News / Asia

    China 'Heard Ping' That Could Be Missing Plane

    Chinese patrol ship Haixun 01 is pictured during a search for the missing Malaysia Airlines flight MH370, in the south Indian Ocean April 5, 2014, in this photo courtesy of China News Service.
    Chinese patrol ship Haixun 01 is pictured during a search for the missing Malaysia Airlines flight MH370, in the south Indian Ocean April 5, 2014, in this photo courtesy of China News Service.
    China's official news agency is reporting what could be a breakthrough in locating the Malaysia Airlines jet missing for nearly a month. 

    A Chinese ship, searching about 1,600 kilometers northwest of Perth, Australia, says it heard multiple pings that could have come from the missing plane's flight recorder.

    The Xinhua news agency reported the Chinese patrol ship Haixun 01 in the southern Indian Ocean detected a pulse signal on the frequency 37.5 kilohertz.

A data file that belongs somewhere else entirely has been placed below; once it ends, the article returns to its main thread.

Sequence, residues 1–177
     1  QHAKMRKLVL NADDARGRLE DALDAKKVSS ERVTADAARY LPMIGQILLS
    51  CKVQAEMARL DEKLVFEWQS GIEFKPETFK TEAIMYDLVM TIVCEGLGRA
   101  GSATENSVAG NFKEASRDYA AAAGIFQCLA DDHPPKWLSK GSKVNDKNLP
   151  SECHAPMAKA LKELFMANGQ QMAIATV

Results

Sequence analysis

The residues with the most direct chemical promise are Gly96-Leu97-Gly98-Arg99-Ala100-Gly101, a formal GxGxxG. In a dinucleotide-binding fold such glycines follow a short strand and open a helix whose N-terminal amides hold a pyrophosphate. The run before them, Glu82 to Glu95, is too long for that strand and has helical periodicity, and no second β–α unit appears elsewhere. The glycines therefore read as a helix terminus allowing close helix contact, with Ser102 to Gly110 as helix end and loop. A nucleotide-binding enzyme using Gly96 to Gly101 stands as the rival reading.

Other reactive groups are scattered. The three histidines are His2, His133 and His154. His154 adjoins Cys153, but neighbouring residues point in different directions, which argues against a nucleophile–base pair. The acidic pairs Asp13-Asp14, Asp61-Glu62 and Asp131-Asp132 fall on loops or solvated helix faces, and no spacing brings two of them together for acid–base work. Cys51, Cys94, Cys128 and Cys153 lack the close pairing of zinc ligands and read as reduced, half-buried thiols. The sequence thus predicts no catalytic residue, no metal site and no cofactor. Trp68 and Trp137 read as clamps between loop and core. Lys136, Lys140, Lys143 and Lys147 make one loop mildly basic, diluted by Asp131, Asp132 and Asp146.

A Chinese Central Television (CCTV) reporter on board the ship, in a live broadcast, said the pings - one second apart - were detected by a hydrophone deployed from the vessel both Friday and Saturday.
     
    China's Maritime Search and Rescue Agency is quoted by Xinhua as saying there is no confirmation that the pulse originated from the flight recorder, or "black box," of missing flight MH370.

    The Chinese report was not immediately confirmed by authorities in China, Malaysia or Australia. But aviation experts in the United States and elsewhere say it is conceivable that such a signal could have come from the plane, which is presumed to have gone down at sea with the loss of all 239 people on board.

    Search planes and boats have been crisscrossing a large area of the southern Indian Ocean off the western coast of Australia, where the plane is believed to have gone down. An analysis of some of the last known data signals from the jet, monitored by a satellite, pointed search teams to that remote stretch of ocean.